Intensive Interaction and the Art of Being

Intensive Interaction and the Art of Being

Last week I found myself lying on the floor, looking up at Phoebe (not her real name) while she reached for my mouth. She laughed, enjoying the buzzing sound as I hummed against her open palm. In our therapy sessions we often play with stories and songs, taking turns with sounds and gestures. We usually sit on the floor, but lying down was a new ‘low’ for me. It was worth the shift. I was amazed by how positioning myself below Phoebe’s gaze made her so much more attentive.

With the help of a specialist, Phoebe’s family and I were exploring our use of Intensive Interaction. This is an approach to developing fundamental communication skills, such as eye contact and taking turns. Core to all of this is to simply enjoy being with another person.

We were considering how to develop her interest in people’s faces, developing her voice, expression and intention. As is often the case, this was yet another exercise in ‘less is more’. When we said less, we noticed more. When we did less, we gave Phoebe room to do more.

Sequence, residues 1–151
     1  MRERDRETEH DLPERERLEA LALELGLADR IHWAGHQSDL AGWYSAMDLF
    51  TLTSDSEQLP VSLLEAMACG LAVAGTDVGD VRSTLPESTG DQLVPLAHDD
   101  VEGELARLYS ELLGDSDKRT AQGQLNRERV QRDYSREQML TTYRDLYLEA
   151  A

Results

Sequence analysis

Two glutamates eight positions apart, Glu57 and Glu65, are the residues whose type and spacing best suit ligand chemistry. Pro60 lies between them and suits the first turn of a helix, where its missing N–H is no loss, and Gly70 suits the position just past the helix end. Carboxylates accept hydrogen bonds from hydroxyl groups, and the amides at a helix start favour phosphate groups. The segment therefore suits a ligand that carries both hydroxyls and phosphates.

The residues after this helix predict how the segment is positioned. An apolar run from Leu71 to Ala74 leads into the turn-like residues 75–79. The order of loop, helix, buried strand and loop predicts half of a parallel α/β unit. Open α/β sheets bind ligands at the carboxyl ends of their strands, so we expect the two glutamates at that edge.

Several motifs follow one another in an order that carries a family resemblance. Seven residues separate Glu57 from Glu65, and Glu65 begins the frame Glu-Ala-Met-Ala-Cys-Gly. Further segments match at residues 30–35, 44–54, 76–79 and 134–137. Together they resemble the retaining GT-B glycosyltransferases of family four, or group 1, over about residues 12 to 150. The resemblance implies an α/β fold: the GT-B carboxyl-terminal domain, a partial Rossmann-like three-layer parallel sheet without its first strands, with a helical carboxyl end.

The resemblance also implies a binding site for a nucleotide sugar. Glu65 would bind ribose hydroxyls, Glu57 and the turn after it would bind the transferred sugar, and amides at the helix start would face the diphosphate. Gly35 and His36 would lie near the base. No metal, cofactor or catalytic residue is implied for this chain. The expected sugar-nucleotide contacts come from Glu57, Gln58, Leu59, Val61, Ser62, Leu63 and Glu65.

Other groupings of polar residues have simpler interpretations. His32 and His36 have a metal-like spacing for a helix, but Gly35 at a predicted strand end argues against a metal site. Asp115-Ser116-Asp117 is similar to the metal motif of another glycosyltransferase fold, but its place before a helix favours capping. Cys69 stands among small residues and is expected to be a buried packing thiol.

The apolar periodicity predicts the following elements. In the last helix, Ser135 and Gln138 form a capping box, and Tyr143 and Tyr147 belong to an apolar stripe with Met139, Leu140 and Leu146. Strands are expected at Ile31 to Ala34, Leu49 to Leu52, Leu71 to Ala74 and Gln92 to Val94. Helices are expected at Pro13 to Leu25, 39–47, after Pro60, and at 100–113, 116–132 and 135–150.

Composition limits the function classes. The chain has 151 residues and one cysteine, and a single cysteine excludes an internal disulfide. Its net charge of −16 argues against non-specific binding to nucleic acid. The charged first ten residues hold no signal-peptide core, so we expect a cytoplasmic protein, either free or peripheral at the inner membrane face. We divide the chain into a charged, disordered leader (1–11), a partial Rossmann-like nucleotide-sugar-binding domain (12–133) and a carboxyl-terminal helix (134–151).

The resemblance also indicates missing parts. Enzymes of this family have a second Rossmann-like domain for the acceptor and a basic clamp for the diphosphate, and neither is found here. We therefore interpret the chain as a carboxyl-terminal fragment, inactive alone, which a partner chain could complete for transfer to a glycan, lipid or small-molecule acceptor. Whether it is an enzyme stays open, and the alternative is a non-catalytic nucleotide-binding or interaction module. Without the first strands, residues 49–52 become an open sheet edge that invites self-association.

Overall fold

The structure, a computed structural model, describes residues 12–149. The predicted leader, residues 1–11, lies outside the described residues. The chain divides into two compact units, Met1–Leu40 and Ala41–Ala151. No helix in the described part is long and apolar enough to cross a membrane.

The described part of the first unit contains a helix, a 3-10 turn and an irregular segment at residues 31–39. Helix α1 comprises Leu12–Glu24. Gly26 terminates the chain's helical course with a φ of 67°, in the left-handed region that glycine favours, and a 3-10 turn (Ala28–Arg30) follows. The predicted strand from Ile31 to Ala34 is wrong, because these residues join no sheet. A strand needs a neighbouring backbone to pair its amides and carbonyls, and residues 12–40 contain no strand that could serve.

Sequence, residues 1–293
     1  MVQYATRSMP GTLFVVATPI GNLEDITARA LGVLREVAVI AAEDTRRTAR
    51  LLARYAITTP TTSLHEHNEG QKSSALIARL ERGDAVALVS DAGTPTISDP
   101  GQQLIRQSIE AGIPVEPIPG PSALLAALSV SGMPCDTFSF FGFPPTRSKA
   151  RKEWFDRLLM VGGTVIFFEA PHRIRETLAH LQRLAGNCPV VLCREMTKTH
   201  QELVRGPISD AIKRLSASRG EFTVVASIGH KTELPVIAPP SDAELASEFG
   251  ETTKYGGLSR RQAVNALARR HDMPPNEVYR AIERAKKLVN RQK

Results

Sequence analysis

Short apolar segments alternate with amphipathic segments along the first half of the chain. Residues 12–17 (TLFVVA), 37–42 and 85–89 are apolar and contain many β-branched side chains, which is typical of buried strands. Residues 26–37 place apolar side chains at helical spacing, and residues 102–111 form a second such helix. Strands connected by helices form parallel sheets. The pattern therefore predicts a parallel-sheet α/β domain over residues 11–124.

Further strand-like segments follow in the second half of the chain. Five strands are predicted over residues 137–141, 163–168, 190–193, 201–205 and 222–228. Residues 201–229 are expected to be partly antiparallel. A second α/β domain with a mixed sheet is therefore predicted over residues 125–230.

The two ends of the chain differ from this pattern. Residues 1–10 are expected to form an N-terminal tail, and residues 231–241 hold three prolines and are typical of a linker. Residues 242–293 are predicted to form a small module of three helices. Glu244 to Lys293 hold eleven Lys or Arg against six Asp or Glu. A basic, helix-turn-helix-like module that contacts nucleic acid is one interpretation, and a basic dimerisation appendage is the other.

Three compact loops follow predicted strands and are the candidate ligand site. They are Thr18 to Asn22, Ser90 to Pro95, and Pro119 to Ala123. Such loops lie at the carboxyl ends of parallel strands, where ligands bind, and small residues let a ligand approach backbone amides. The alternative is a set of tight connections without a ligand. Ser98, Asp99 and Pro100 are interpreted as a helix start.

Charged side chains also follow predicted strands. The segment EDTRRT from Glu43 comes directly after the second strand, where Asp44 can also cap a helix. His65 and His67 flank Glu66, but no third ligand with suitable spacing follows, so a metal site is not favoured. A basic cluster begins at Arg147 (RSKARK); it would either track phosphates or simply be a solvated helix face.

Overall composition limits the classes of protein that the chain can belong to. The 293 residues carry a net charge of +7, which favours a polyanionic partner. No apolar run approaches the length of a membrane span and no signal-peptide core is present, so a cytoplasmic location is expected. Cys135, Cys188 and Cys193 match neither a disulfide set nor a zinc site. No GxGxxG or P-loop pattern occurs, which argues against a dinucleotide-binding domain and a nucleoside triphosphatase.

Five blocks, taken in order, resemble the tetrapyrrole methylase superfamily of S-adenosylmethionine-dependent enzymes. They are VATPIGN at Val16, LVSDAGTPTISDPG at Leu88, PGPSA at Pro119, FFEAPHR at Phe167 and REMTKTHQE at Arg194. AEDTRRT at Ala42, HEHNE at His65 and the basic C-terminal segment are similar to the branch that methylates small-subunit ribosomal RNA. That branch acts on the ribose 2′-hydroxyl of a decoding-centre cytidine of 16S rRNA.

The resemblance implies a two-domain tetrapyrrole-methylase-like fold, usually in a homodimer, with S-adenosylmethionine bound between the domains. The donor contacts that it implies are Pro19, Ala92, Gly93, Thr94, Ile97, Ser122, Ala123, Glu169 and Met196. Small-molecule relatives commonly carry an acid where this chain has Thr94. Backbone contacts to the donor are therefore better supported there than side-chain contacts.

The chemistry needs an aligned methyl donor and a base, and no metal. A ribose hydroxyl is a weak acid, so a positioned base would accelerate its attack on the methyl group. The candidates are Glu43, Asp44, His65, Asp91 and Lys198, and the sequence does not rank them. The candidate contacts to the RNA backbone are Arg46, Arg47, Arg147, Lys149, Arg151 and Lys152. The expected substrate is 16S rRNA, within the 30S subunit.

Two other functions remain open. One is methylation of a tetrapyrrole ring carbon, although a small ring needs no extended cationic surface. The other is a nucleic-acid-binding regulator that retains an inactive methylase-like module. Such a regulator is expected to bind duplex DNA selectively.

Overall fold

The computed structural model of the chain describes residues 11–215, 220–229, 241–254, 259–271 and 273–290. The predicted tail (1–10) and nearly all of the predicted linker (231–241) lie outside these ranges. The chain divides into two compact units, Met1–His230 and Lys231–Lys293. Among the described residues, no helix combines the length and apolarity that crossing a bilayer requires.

It is easy to find ourselves in the role of entertainer, being bright and busy, driving the play to such an extent that it becomes difficult to simply ‘be’. But by slowing down, tuning in and noticing how Phoebe was communicating, we enabled her to lead the interaction.

Intensive Interaction follows a ‘natural model’ of communication learning, looking at the early interactions between parents and babies. The research has observed how gentle imitation, interested facial expressions and an animated voice form part of the natural flow of an early interaction. Even at this early stage, babies are learning about the structure, the to-and-fro of conversation.

There are aspects of this early interaction that stay with us throughout our lives. In adult conversations you may find yourself reflecting someone’s comment or gesture. People often tell me how they can accidentally acquire the accent of whomever they’re speaking with. This is just one of many ways that we tune in and reflect whomever we’re speaking to.

This type of tuned-in interaction demands patience. It requires us to understand how waiting is a powerful part of interaction. But it can also be refreshing, to go at the child’s pace, to notice what is interesting to them and to leave being the ‘entertainer’ for another day.

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